This study has several potential limitations. First, we relied on questionnaires to diagnose CWP rather than clinical or diagnostic interviews. Thus, our discussion focuses on CWP only on a symptom level and not as a diagnosable disorder. Second, we used a cross-sectional design therefore direction of effect could not be determined. At this stage, it is therefore impossible to say whether the higher rates of depression and anxiety in the high co-symptomatology group are a consequence of the high additional symptom load or whether they represent risk factors for the development of additional somatic symptoms. Third, the results of the LCA are dependent on the items analyzed, and the list was restricted to 12 symptoms.
Overall, the present findings of three distinct CWP subgroups depending on somatic co-symptoms demonstrate the heterogeneity of CWP. Accurate phenotype description is further crucial for successful research, and more attention should be paid to defining the subgroups within CWP. This will result in targeting therapies better and a stratified approach to patient care. For example, the CWP subgroup with high levels of co-symptoms and anxiety and depression may benefit more than the other subgroups from cognitive behavioral therapy.
AB reports a project grant from the Swisslife Jubilaeumsstiftung. FMW is supported by the EU FP7 project Pain_OMICS and has grant support from Arthritis Research UK (grant number 20682) and the Chronic Disease Research Foundation. TwinsUK is supported by the Wellcome Trust; European Community’s Seventh Framework Programme (FP7/2007–2013). The study also receives support from the National Institute for Health Research (NIHR)-funded BioResource, Clinical Research Facility and Biomedical Research Centre based at Guy’s, and St Thomas’ NHS Foundation Trust in partnership with King’s College London.
Study concept and design: AB, PH; data collection: FMW; data analyses: PH, AB; interpretation of data: AB, PH; manuscript draft: AB, PH, FMW; manuscript revision: FMW, PM; approval of final version: AB, PH, FMW, PM. All authors contributed toward data analysis, drafting and critically revising the paper and agree to be accountable for all aspects of the work.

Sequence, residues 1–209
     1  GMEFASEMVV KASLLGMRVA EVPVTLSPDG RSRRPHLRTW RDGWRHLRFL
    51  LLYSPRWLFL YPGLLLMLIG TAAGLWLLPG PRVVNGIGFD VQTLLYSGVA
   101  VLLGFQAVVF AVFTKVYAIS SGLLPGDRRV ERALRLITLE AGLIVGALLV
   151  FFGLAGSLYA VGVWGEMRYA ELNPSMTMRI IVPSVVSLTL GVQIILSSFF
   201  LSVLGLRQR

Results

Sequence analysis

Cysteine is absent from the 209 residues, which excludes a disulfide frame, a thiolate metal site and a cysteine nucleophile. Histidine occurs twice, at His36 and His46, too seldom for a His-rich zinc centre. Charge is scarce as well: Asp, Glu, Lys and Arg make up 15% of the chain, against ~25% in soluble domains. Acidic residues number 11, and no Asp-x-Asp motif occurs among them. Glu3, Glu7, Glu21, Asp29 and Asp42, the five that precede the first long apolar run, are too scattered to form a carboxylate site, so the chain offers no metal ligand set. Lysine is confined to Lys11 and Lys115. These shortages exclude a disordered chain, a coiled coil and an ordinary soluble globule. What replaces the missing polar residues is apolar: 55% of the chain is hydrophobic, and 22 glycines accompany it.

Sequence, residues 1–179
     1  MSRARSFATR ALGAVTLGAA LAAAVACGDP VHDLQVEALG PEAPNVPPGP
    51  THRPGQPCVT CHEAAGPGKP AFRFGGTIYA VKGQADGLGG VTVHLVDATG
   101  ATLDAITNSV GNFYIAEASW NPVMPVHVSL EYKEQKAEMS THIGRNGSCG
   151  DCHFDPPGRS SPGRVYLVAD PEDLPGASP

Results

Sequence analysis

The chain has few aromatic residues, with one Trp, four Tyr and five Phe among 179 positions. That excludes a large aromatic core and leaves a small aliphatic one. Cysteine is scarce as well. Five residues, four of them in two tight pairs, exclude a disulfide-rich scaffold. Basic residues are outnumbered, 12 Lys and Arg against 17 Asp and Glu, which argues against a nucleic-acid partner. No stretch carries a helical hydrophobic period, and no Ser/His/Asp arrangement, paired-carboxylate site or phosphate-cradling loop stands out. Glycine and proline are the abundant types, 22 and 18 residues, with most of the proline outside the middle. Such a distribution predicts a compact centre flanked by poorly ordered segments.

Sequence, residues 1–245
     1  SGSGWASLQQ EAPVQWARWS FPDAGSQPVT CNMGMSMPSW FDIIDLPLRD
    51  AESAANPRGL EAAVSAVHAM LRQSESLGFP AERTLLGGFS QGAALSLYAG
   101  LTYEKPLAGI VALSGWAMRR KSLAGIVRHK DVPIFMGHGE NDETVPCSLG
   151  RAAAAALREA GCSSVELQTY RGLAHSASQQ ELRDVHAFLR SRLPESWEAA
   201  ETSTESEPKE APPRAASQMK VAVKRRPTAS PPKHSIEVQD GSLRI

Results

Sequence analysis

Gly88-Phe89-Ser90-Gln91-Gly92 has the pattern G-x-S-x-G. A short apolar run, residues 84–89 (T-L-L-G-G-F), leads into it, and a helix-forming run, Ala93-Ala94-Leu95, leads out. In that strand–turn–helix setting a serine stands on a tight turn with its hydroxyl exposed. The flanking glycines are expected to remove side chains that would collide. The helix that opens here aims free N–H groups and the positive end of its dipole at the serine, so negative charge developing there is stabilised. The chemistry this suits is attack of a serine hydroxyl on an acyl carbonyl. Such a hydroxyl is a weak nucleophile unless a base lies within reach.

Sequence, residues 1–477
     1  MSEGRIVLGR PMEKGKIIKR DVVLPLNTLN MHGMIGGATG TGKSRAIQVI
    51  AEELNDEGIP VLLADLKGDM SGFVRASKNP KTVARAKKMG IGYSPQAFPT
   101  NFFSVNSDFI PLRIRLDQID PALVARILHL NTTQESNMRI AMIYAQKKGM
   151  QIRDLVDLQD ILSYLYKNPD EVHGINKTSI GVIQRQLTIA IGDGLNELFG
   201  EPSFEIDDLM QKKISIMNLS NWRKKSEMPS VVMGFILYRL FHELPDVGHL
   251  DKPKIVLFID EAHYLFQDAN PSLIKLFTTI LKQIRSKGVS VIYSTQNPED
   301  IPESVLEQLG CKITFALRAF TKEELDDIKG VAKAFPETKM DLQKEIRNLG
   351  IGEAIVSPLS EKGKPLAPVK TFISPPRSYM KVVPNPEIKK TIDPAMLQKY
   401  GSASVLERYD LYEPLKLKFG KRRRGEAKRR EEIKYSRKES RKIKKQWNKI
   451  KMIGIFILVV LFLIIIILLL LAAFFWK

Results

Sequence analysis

The authors report no conflicts of interest in this work.
McBeth J, Nicholl BI, Cordingley L, Davies KA, Macfarlane GJ. Chronic widespread pain predicts physical inactivity: results from the prospective EPIFUND study. Eur J Pain. 2010;14(9):972–979.
Blyth FM. Chronic pain – is it a public health problem? Pain. 2008; 137(3):465–466.
Wolfe F, Smythe HA, Yunus MB, et al. The American college of rheumatology 1990 criteria for the classification of fibromyalgia. Report of the multicenter criteria committee. Arthritis Rheum. 1990;33(2):160–172.
Greenspan JD, Craft RM, LeResche L, et al; Consensus Working Group of the Sex, Gender, and Pain SIG of the IASP. Studying sex and gender differences in pain and analgesia: a consensus report. Pain. 2007;132(suppl 1):S26–S45.
Hurley RW, Adams MC. Sex, gender, and pain: an overview of a complex field. Anesth Analg. 2008;107(1):309–317.
Clauw DJ, Crofford LJ. Chronic widespread pain and fibromyalgia: what we know, and what we need to know. Best Pract Res Clin Rheumatol. 2003;17(4):685–701.
Croft PR. The epidemiology of chronic widespread pain. J Musculoskelet Pain. 2002;10(1–2):191–199.
Gatchel RJ, Peng YB, Peters ML, Fuchs PN, Turk DC. The biopsychosocial approach to chronic pain: scientific advances and future directions. Psychol Bull. 2007;133(4):581–624.
Kato K, Sullivan PF, Pedersen NL. Latent class analysis of functional somatic symptoms in a population-based sample of twins. J Psychosom Res. 2010;68(5):447–453.
Mundal I, Gråwe RW, Bjørngaard JH, Linaker OM, Fors EA. Psychosocial factors and risk of chronic widespread pain: an 11-year follow-up study – the HUNT study. Pain. 2014;155(8):1555–1561.
Dysvik E, Natvig GK, Eikeland OJ, Lindstrom TC. Coping with chronic pain. Int J Nurs Stud. 2005;42(3):297–305.
Poppe C, Crombez G, Devulder J, Hanoulle I, Vogelaers D, Petrovic M. Personality traits in chronic pain patients are associated with low acceptance and catastrophizing about pain. Acta Clin Belg. 2011;66(3):209–215.
Smith W, Strachan E, Buchwald D. Coping, self-efficacy and psychiatric history in patients with both chronic widespread pain and chronic fatigue. Gen Hosp Psychiatry. 2009;31(4):347–352.
Tan G, Teo I, Anderson KO, Jensen MP. Adaptive versus maladaptive coping and beliefs and their relation to chronic pain adjustment. Clin J Pain. 2011;27(9):769–774.
Bair MJ, Robinson RL, Katon W, Kroenke K. Depression and pain comorbidity: a literature review. Arch Intern Med. 2003;163(20):2433–2445.